Last week I purchased a brand new Samsung Focus (SGH-i917) off Craigslist. The guy selling it had purchased it for his wife who decided, after playing with the one he bought for himself, she preferred her iPhone.
I have owned an iPhone for a little over 2 years beginning with the iPhone 3G, then the iPhone 3GS and upgrading to the iPhone 4 this past September. I like my iPhone as a portable Internet access and media device but I have never liked it as a phone. Further, I am opposed to the stranglehold Apple puts on its customers, partners and employees in handling support, services and the addition of new features.
For example, Apple markets the toughness of the iPhone 4 glass. However, should the purported ’gorilla glass’ crack after dropping one foot, you will be charged $199 to have your phone replaced. I consider that price obscene, considering the iPhone 4 complete bill of materials is estimated at $187.51 by industry expert, iSuppli. An example of Apple’s new feature despotism is the change in behavior of the dedicated iPad switch—from orientation lock to mute—with the latest iOS 4.2.1 update. Everyone is unhappy with the change except our friendly captors in Cupertino.
My last reason, and it is certainly lowest in the stack, is I am a Microsoft employee and stockholder. I am not biased by my employment or investor status. Our house is an equal opportunity consumer of gadgetry. In addition to our iPhones, we have owned every generation of iPod. TB’s primary machine is a 27” iMac (running Windows 7) and I have an iPad and Mac Mini. On the other hand, Fanboi I am not. My primary machine is a tricked-out PC assembled by me. Our workhorse computers are a Windows Home Server and a Windows 7 Media Center, both built by me. I love ThinkPads and have carried a T40p, T43p, T60p, T61p and T500 (current) starting just before IBM sold the brand to Lenovo.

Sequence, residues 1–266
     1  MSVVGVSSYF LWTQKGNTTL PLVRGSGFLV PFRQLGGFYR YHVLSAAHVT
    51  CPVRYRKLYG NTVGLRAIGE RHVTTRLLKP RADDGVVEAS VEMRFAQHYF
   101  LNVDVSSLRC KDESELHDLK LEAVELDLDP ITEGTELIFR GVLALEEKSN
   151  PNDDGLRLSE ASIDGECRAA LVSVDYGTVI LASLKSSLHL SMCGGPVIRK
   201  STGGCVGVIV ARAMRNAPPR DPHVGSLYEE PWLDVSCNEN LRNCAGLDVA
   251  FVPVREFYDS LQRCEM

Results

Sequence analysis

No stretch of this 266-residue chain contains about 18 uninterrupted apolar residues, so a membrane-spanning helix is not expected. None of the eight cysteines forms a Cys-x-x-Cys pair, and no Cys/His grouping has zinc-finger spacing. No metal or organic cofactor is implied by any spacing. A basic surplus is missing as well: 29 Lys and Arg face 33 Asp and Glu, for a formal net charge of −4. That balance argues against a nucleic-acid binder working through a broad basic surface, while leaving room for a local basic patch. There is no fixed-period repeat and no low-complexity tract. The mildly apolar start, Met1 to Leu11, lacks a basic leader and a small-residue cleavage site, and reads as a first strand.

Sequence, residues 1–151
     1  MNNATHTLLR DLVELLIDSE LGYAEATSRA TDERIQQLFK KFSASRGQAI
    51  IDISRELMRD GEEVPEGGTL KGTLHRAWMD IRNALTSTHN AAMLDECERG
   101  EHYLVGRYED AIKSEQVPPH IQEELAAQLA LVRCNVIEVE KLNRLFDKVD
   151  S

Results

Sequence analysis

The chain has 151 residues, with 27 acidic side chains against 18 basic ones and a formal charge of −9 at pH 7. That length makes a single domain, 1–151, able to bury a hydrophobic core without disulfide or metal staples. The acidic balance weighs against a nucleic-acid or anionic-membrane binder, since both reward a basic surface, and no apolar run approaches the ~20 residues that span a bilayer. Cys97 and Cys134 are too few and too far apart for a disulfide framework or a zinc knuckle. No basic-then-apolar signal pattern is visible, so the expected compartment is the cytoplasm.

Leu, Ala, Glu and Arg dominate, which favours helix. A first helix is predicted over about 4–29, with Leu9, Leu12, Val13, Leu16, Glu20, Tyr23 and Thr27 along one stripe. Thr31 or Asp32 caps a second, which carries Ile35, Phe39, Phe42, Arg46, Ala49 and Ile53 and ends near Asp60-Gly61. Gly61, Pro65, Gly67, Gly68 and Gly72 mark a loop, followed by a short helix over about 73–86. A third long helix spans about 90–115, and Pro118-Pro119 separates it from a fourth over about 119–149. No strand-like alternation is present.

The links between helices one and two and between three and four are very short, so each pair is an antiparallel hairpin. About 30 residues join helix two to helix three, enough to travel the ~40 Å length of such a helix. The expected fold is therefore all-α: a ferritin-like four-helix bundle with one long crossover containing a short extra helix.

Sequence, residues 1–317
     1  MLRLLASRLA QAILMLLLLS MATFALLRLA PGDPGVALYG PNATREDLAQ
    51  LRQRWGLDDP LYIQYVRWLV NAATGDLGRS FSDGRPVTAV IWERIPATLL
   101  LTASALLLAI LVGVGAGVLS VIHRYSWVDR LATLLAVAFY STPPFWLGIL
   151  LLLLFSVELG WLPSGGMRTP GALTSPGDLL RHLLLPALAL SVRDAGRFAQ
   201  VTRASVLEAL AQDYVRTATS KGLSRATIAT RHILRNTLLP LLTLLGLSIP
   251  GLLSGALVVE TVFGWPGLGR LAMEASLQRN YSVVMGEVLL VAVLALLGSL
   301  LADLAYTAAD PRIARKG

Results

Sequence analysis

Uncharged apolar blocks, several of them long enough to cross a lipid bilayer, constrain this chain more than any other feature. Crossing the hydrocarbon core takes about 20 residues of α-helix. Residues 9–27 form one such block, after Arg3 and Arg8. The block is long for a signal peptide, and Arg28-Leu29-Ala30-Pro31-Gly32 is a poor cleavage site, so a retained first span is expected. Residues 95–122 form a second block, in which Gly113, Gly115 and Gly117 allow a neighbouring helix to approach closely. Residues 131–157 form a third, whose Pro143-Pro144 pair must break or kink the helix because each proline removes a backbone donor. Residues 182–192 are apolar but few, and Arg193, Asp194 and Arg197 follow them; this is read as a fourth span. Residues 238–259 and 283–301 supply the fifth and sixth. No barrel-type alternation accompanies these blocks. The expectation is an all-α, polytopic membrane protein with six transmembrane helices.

My decision to start migrating to Windows Phone 7 is not a soapbox play. I still own an iPhone and other iDevices. I will continue owning iDevices as long as they fill gaps other devices do not at prices I am comfortable paying.
Having used my Samsung Focus exclusively this week during a Thanksgiving trip to Los Angeles, I believe the Windows Phone line is positioned to close the gaps that originally drove me from previous generations of Windows Mobile to iPhone. Sure, it is missing key apps and there are several fit-and-finish issues with the current software. Once those are addressed I see no real advantage to keeping an iPhone.
For example, the Samsung Focus has a 4” Super AMOLED, 480 x 800 display. In tandem with the Windows Phone variant of ClearType, the display produces crisp and vibrant images, text and colors. It is easier to read and more enjoyable to look at than the highly-touted iPhone 4 640 x 960, 3.5” Retina Display. Below is a comparison matrix for those interested in how the Samsung Focus stacks up against the iPhone 4. (reference)
This is not about side-by-side hardware comparisons or head-to-head app quantity/quality evaluations. The iPhone is still superior in ways that matter to most consumers. That said, I prefer the future and potential of Windows Phone over the trend of iPhone. Thusly, I begin my Windows Phone journey.